It’s not survival of the fittest, it’s survival of the most adaptable and appropriate to the environment.

[Note on the photo: I grew up in Gibraltar and have fond memories of walking across the runway to catch planes to ‘exotic’ locations like Southend where my Grandad lived. My first thought was say something about stopping and re-evaluating, hence the flickr search for stop signs. Searches for failure weren’t as nice so I’m sticking with the image.]

Open Coffee good in Bristol

Uploaded by suresh_gundappa on
17 Aug 06, 9.27AM BST.

The nominal theme for this morning’s Open Coffee was ‘articulating your message’, or the art of the elevator pitch. Without wishing to do anyone (including myself) out of a job – go to this blog post and read it.  Actually might as well read the whole site if you’re looking at the investor path.

Having suggested that Matt from Montage Communications might get the ball rolling with a few pithy words on communicating complex ideas in compact spaces, by the time I got downstairs at Starbucks on Park St, the conversation was in full flow!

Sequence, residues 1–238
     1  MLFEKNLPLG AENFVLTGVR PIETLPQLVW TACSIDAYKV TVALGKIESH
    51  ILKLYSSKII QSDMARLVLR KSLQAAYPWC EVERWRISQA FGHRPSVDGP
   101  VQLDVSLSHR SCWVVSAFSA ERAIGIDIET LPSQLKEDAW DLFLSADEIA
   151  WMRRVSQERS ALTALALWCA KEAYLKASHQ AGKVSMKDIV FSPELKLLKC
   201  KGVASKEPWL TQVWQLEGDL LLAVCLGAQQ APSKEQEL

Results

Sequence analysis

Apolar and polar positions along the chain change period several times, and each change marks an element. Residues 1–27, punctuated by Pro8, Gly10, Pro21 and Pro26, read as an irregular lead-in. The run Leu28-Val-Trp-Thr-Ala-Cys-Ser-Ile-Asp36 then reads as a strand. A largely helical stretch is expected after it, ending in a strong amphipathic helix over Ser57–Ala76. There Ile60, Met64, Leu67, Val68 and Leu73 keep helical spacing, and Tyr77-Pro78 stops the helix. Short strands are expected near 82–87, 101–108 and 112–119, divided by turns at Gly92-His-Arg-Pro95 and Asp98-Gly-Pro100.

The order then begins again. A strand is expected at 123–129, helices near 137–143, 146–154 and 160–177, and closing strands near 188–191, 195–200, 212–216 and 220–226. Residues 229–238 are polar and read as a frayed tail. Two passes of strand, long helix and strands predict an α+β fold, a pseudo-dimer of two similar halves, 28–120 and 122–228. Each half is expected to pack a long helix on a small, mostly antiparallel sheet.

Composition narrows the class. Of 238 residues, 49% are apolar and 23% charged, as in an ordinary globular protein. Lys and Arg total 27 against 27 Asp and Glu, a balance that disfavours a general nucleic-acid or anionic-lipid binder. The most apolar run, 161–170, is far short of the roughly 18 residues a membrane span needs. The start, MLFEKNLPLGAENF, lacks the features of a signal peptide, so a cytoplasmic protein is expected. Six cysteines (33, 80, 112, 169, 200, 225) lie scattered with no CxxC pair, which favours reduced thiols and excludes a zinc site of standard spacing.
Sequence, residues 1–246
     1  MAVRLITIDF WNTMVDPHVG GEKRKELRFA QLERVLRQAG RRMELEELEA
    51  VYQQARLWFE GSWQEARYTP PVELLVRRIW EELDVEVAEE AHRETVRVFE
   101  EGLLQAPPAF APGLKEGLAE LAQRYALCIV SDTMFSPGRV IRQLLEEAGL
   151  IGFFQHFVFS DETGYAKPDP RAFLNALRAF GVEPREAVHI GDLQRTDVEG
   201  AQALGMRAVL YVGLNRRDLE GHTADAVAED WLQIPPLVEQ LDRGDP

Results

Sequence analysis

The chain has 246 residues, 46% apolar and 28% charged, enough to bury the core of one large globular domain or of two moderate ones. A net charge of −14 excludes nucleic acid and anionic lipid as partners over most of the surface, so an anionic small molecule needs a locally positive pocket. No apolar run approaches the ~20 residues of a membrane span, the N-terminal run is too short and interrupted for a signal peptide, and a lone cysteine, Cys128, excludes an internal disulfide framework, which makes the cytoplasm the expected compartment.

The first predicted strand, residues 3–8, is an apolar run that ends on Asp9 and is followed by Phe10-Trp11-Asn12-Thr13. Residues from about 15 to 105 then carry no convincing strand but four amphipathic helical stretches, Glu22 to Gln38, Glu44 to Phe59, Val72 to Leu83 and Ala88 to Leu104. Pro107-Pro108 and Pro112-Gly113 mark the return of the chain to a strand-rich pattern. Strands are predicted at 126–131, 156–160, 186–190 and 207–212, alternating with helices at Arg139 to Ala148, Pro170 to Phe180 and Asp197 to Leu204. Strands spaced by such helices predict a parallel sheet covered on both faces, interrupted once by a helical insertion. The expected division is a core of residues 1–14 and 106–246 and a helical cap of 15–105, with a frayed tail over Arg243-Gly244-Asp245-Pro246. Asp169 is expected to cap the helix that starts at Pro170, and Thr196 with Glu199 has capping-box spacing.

With roughly 2:1 entrepreneurs to business support professionals there was plenty of discussion and swapping of business cards. Everyone I spoke to had met someone new and interesting.

My new connection was with Rob Cox, launching a new motivational and self belief workshop and mentoring service for kids to “Dream, Believe, Achieve“.

Thanks go to Hannah at Montage Communications for handling the coordination with Starbucks and to Rosie (Interim Store Manager, Starbucks) for keeping the (free) coffee and cakes flowing.

The next Open Coffee is on 20 May, same Starbucks on Park St., please sign up or leave a comment here so that Rosie can order in enough fresh muffins! 🙂

Open Coffee launch details